- Melted butter optional
- Marinara sauce optional
- Heat your oven to 400 degrees F. Peel your onion, rinse it and pat it dry. Slice off the root and stem ends. Slice the onion into circles ½-inch thick (see photos). Separate the onion into rings by gently pushing through the center of each slice.
- Place your corn starch in a quart- or gallon-sized plastic Ziploc bag. Stir your Parmesan coating ingredients together in a small mixing bowl. Place about a fourth of the Parmesan mixture into another Ziploc bag. (Later, when the cheese coating gets soggy and is almost gone, you will get a clean bag and add more of the Parmesan blend from your mixing bowl.)
- Place two egg whites into a liquid measuring cup or a soup bowl. Use a fork to beat the egg whites until they are a little frothy.
- Set up an assembly line from left to right with your onion rings, the corn starch, the cup or bowl of egg whites, the bag of Parmesan coating, and your baking sheet that has a wire mesh cooling rack placed on it. (See photos.) Have three forks ready: one for the corn starch, one for the egg whites and one for the cheese coating.
- To dip, place an onion ring into the bag of corn starch, hold the bag closed, and shake it a bit until the onion ring is coated inside and out. Use a fork to loop inside the ring and lift it out, shaking off excess corn starch into the bag.
- Drop the onion ring into the egg whites. With your egg white fork, scoop the egg whites over and inside the onion ring to coat it. Lift the ring out of the egg whites, letting any excess drip off.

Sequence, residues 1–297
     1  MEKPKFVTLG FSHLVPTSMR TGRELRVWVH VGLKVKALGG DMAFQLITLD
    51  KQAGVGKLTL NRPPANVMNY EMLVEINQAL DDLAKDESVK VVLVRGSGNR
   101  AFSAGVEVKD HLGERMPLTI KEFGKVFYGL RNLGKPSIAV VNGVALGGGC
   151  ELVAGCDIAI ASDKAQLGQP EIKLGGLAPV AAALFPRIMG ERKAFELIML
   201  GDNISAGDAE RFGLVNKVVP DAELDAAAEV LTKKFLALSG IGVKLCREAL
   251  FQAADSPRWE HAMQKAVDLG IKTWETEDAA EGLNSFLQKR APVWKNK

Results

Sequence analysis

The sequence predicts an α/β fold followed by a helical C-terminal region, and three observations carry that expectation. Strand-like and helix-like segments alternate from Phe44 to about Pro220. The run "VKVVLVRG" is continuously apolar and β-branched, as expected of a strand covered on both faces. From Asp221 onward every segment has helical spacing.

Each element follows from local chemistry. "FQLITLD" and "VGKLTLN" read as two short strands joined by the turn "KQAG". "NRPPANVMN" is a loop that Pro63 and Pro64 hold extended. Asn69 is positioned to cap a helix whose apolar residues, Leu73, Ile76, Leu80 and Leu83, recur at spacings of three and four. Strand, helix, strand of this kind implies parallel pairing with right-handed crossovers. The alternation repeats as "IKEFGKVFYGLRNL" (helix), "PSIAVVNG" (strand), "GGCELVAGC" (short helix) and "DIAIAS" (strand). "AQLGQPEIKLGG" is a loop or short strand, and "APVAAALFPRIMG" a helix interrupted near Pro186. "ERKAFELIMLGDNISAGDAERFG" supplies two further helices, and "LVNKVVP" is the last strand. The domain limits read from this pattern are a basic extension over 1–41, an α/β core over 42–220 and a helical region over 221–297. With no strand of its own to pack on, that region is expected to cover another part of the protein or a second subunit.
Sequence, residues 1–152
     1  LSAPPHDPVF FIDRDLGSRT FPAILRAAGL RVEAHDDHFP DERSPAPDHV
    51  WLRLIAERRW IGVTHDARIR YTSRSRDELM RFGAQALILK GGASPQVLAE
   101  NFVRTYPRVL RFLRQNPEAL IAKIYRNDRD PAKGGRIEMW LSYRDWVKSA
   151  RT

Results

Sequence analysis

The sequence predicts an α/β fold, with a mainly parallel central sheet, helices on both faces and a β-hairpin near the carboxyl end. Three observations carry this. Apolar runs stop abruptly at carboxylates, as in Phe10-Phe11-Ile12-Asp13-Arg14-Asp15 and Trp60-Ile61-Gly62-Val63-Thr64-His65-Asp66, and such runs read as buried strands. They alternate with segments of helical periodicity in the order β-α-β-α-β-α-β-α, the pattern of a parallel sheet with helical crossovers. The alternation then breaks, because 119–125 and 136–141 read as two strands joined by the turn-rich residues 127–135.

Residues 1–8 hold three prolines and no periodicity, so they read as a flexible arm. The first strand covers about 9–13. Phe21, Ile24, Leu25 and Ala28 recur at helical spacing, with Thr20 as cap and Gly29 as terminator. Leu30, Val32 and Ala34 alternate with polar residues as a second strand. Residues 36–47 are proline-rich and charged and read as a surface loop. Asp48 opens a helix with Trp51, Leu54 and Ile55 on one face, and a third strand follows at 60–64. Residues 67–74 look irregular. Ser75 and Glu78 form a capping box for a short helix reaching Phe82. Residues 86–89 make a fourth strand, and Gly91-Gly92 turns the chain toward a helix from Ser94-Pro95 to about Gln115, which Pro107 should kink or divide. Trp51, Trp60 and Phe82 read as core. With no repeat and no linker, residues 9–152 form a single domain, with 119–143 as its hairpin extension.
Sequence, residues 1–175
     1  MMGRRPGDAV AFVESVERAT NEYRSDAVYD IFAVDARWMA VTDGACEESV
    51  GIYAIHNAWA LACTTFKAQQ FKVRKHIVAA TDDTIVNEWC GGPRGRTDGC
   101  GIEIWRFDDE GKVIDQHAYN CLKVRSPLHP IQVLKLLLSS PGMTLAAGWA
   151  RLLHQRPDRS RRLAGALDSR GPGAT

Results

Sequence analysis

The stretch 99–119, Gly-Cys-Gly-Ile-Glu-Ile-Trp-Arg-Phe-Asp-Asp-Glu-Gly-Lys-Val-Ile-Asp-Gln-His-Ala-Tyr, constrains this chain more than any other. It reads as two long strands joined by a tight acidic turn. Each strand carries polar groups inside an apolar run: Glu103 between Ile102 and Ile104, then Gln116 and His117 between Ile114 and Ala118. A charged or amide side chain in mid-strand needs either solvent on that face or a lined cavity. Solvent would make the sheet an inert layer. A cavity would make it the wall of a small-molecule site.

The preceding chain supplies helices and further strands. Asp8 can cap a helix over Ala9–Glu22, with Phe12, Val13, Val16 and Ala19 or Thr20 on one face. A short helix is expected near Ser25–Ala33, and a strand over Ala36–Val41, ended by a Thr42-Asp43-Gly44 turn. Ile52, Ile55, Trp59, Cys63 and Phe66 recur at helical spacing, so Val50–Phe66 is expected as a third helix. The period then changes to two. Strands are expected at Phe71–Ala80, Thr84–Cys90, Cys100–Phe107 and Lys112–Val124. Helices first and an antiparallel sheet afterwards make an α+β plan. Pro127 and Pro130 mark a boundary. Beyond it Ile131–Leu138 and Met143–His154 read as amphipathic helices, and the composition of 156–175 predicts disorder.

- Next, transfer the onion ring to the bag of Parmesan coating. Close the bag and shake it until the ring is coated inside and out. Use your Parmesan fork to lift out the onion ring and shake off excess cheese into the bag.
- Place your coated onion ring onto the rack in your baking pan. Continue the process, adding two onion rings at a time (or a little more if they fit) to your corn starch bag. Remove one ring at a time from the corn starch and continue dipping that ring until it's ready to be placed on the rack. It helps to place rings of similar size next to each other on the rack, and you should be able to fit about 12 rings at a time on the rack.
- Bake the onion rings for 11-14 minutes, or until they are crispy and reddish golden. Mine take 13 minutes, but it will depend on your oven. Don't let them burn.
- While the first pan is baking, you can proceed to dip and coat the rest of your onion rings. You will need to use your other two fresh egg whites to replenish your cup or bowl of whites. You also will use a clean bag for more of the Parmesan mixture. (Change the bag as needed.)
- Discard your bags with leftover corn starch or Parmesan mixture. If you have any leftover Parmesan blend from your mixing bowl, and it has not touched the raw egg whites, you can save it for another use.
- Serve the onion rings plain or with melted butter for dipping, if desired, or marinara. (We love them plain or with the butter.)
- Store leftovers in a tightly closed container in the refrigerator for up to five days.